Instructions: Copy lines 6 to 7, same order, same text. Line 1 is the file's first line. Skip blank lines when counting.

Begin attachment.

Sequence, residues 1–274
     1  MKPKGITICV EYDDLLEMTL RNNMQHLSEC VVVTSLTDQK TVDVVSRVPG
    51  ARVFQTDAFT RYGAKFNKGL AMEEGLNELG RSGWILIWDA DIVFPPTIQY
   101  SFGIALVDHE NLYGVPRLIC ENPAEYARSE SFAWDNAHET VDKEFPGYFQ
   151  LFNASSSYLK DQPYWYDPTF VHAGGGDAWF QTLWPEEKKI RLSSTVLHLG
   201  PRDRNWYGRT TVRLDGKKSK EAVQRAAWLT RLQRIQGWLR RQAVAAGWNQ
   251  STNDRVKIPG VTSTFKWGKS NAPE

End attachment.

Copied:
   201  PRDRNWYGRT TVRLDGKKSK EAVQRAAWLT RLQRIQGWLR RQAVAAGWNQ
   251  STNDRVKIPG VTSTFKWGKS NAPE